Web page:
Some of you may be wondering if I am still homeless. I am happy to report that I am not. In fact, the day after writing my first post on this blog, I heard from the school principal that a reasonable apartment would be available on October 15. He had arranged a single room in the youth hostel until then. Relief! I left the US with this plan in mind, and with large, heavy-duty trash bags to put my luggage into every night so I wouldn’t get bed bugs.
The department chair picked me up at the train station in Osnabrück and drove me directly to the school, where I met a bunch of teachers and one assistant principal, who immediately took me under her wing. She had a list of the possible apartments the principal had found for me. I mentioned that I was ready to stay in the hostel, to which she replied “We can do better than that!” There were four apartments on the list, but two would not be available until October, and one was out of my price range. A retired teacher couple, Herr and Frau P., owned the remaining apartment. The assistant principal told me they were wonderful people, and offered to drive me over to meet them and look at the apartment. After 4 hours of sleep, a bus ride to Cologne, a train ride to Osnabrück, a car ride to Damme and a whirlwind of introductions, I would have agreed to being shot out of a canon. I nodded numbly. She must have noticed that I seemed dumbstruck and made a point to say, “If you don’t want this place, just say so. If you say something like ‘I’d like to think about it,’ or ‘I’m not sure,’ I will tell them to forget it. No pressure!”
We left the school, drove approximately 3 minutes, and pulled into driveway of a large, brown, brick house. An older couple immediately emerged from the front door, smiling and waving. We climbed out of the car, and after the introductions, went inside. Herr and Frau P. told me about the house and the neighborhood as we climbed the stairs to the apartment. This subdivision was called the Wienerei after the Farmer Wiener, who had previously owned the land. When they opened the school in 1966, they desperately needed teachers. In order to attract them, they sold lots very cheaply to teachers, who then built houses they could never have been able to afford in a larger city. Thus, most of the subdivision’s residents were teachers or retired teachers.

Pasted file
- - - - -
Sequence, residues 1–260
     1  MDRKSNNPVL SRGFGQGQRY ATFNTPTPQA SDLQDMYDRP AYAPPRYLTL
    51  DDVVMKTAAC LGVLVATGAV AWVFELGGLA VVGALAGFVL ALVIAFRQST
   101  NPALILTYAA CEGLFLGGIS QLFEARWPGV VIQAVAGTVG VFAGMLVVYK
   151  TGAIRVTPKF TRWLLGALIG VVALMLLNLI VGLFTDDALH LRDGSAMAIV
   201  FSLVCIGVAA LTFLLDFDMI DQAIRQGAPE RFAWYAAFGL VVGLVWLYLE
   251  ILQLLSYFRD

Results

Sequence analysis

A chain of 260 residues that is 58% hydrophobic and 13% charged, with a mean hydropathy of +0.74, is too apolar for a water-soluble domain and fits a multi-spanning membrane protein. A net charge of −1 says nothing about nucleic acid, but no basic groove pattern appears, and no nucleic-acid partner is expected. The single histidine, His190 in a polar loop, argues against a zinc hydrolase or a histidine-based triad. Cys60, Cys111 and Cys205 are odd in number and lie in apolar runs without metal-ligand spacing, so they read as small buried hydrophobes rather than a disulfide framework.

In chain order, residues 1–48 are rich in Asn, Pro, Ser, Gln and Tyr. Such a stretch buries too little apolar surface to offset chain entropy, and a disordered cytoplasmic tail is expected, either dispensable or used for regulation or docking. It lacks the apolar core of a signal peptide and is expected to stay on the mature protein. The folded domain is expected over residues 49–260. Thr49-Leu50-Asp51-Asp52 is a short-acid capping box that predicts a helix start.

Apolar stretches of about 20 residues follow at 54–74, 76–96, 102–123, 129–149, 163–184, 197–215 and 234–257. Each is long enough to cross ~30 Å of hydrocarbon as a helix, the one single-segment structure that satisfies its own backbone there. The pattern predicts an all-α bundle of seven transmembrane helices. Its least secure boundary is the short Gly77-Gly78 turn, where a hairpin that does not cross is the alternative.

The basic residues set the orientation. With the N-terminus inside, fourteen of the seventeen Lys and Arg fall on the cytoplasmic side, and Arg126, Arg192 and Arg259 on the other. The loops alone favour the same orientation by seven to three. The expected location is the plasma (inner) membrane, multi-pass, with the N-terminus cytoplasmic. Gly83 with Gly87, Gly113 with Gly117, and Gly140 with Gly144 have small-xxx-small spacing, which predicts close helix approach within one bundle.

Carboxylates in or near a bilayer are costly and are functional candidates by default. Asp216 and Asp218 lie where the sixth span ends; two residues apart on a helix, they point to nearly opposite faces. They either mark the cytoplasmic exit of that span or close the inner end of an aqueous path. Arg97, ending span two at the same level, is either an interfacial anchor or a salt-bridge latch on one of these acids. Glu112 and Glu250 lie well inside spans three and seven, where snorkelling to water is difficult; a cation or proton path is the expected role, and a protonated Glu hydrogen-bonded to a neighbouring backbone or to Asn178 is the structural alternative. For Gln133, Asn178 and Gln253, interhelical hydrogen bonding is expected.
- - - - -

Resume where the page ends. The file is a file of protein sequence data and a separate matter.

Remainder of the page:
Herr and Frau P’s house has two floors, plus a finished attic and basement. They lived on the ground floor, and had built the apartment on the second floor for Herr P.’s parents. Since they had passed, they had rented the apartment to a few other foreign students. One of their sons had even lived there between jobs. It was completely furnished, and the price included dishes, towels, bed linens, telephone, electricity, heat and use of their daughter’s old bike. I thought it sounded too good to be true, and assumed that it was a dump. Until I saw it:
My apartment has a living room, balcony, hall, kitchen, 3 bedrooms, a bathroom with shower and bathtub, and a half-bath or WC. All I had to add was a wireless router and groceries. It is beyond perfect! (An added bonus: no bed bugs.)
Herr and Frau P. have turned out to be as wonderful as everyone said. They have invited me downstairs for lunch or dinner three times already, as well as on various outings several times. They also insisted right away that we go by first names and “du” (the informal form of “you”). The most endearing and hilarious thing they have done so far really touches the language nerd in me: A retired Latin teacher lives two doors down, and when Herr P. told him that “Amanda is moving in,” he thought he was describing me. (Amanda is Latin for “lovable” or “worthy of love”). They have started referring to me as Amanda filia hospitalia, Latin for “lovable guest daughter,” and these two old men crack up every time they say. It’s good to be near a goofy family, since I’m so far away from my own.